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Three Hills writer mines a heavenly theme in sci-fi

The year is 2063, planet Earth is dying and a galactic war is about to erupt.

So sets the scene for a Central Alberta man’s first futuristic novel, Optimus 4, which was published in April.

The 242-page book is a “gritty sci-fi” tied up with an overarching Christian theme, said author Ross Gaehring of Three Hills.

“I’m excited about it. It’s hip and witty and really unlike anything else on the Christian speculative fiction market,” Gaehring, 50, added. “I can’t really characterize it as a traditional Christian novel and it may offend some people. ... I wrote it really for people who may have never heard the Christian message before.”

While Christian novels haven’t been overly popular, Gaehring said interest in the genre is growing and he has been impressed with the social media buzz about Optimus 4 from his Twitter feed and Facebook.

The book follows protagonist Cmdr. Rance Edwards, a fighter pilot and wounded war hero from America’s bloody battle with Europe. With Earth on a downward spiral thanks to the “geopolitical and ecological disasters foretold in the Book of Revelation,” Edwards is to help invade another planet to save the population.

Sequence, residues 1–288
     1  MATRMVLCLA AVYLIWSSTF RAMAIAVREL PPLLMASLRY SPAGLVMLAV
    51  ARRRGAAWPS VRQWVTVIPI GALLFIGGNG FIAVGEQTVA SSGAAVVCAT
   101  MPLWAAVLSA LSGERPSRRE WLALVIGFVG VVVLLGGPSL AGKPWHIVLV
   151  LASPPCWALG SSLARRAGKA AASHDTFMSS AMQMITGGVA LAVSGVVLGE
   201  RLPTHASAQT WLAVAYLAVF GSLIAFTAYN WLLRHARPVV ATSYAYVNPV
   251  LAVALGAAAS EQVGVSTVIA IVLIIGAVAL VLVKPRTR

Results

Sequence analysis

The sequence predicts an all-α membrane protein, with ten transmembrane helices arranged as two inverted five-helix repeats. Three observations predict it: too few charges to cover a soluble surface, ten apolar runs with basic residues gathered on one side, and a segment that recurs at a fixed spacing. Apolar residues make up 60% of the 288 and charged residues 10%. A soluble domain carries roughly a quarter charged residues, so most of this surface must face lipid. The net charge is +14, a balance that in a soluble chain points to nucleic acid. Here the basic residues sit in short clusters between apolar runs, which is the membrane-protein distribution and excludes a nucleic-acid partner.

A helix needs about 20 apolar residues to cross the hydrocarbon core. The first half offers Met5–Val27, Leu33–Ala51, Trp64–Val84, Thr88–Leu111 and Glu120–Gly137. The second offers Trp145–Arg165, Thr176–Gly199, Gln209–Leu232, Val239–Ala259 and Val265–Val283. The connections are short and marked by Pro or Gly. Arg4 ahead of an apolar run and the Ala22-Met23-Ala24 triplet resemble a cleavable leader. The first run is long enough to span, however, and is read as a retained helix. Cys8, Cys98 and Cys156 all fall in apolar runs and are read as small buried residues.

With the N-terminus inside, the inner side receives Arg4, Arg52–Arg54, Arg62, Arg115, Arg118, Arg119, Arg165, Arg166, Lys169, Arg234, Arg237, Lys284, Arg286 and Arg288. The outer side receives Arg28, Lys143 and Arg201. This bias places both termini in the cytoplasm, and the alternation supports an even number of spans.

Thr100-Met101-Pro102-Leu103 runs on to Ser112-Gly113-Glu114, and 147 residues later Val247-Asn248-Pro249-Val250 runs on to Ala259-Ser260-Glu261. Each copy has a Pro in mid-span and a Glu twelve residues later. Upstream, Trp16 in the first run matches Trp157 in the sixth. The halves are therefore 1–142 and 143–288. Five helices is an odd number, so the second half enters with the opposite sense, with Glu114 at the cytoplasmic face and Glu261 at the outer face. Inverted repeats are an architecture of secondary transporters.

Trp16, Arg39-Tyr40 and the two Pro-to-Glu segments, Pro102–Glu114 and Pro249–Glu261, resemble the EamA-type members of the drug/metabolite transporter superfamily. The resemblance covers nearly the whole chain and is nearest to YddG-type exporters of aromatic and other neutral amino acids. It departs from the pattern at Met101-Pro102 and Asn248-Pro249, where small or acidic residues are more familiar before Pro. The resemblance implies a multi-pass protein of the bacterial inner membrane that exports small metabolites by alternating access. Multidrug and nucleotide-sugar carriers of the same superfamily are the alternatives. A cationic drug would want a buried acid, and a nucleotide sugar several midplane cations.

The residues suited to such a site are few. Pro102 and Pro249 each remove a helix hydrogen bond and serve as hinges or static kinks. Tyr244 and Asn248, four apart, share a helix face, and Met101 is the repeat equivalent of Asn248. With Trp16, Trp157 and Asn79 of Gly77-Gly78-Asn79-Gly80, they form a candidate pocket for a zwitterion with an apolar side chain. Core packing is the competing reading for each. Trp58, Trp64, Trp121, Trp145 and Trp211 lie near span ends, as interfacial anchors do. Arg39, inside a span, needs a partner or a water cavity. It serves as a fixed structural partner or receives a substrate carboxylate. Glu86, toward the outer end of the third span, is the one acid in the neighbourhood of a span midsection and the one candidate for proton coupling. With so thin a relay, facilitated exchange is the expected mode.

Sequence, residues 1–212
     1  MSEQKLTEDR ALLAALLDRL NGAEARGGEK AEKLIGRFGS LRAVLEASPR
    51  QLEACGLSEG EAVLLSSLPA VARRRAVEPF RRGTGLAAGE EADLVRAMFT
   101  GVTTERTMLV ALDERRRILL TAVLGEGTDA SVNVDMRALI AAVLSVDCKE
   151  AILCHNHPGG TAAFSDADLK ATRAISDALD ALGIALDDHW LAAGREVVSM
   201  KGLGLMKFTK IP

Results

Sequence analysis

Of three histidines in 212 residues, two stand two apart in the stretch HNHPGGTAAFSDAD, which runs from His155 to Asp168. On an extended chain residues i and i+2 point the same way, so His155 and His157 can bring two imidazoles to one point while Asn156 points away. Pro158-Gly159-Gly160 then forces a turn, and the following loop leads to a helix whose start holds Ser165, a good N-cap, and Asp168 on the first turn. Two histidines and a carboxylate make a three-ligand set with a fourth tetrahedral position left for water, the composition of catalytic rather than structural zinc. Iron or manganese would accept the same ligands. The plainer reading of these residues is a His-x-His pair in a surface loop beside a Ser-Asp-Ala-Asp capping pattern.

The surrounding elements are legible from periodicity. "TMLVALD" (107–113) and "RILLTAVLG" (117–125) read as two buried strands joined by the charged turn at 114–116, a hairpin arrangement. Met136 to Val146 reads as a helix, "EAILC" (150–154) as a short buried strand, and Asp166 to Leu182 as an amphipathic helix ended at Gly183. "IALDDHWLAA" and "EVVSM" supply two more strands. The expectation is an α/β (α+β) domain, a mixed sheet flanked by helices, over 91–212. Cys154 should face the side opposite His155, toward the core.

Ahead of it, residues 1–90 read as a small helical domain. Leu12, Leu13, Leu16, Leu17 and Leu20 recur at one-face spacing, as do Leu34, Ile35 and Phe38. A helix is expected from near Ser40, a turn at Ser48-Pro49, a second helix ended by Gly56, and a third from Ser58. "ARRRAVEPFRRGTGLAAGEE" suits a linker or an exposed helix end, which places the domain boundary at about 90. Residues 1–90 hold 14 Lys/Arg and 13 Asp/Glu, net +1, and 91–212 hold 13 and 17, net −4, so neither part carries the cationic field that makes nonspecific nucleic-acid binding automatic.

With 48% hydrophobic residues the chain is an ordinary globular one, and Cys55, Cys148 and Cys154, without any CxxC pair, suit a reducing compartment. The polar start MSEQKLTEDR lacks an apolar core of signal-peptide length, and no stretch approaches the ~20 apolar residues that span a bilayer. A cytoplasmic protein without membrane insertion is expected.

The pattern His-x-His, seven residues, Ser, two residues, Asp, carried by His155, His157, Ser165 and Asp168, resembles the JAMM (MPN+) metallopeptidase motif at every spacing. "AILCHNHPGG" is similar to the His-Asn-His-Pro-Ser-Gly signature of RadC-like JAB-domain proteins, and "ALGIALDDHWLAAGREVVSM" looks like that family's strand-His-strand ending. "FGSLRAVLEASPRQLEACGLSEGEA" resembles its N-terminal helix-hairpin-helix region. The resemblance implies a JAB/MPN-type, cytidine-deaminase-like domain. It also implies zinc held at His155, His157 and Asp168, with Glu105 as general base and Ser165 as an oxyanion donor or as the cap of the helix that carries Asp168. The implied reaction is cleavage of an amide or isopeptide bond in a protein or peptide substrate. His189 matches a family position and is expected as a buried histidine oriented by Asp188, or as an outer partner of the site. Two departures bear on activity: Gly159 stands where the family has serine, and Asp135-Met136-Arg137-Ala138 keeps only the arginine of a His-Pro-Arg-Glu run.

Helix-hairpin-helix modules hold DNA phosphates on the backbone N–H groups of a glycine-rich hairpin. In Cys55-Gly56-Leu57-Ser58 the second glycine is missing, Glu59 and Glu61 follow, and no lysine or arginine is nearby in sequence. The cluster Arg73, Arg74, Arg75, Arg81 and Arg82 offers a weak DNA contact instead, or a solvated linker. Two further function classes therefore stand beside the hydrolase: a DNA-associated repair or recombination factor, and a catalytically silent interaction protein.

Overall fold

Weave in a tour of the eerie “Dead City” of Detroit where Edwards hangs up his hat, a sideline romance with Edwards’ former fiancée, newly married to another man, and a crazed tyrant in control of “Isolationist America” and you have the rest of the plot.

“It includes conspiracy theories, pop culture, sci-fi, theology, military history, action, even romance, a wide range to suit everyone,” said Gaehring.

The idea for the book had been in Gaehring’s brain since his days as a teenager watching Star Wars and Battlestar Galactica.

“I watched these shows and thought, ‘Hey I could do better,’ ” he said with a laugh. “Bit pretentious, I know, but it inspired me to keep to it.”

He had some extra time several years ago and decided to cross the item off his bucket list, banging out the 70,000-word novel in six weeks.

But it took another seven years of editing to get everything just right and submitting to various publishing houses before he saw Optimus 4 become a reality.

“It’s always been something I’ve wanted to do, become a writer,” Gaehring said. “I want to continue to pursue it and I’m certainly open to turning my Optimus 4 into a trilogy if there is a demand. I already have an outline for a second book.”

He works full time as the chief administrative officer the Kneehill Housing Corp. in Three Hills, where he lives with his wife Susan.

He plans to do local book signing events over the summer to further promote Optimus 4.

The book is available in eBook and paperback format through Solstice Publishing or

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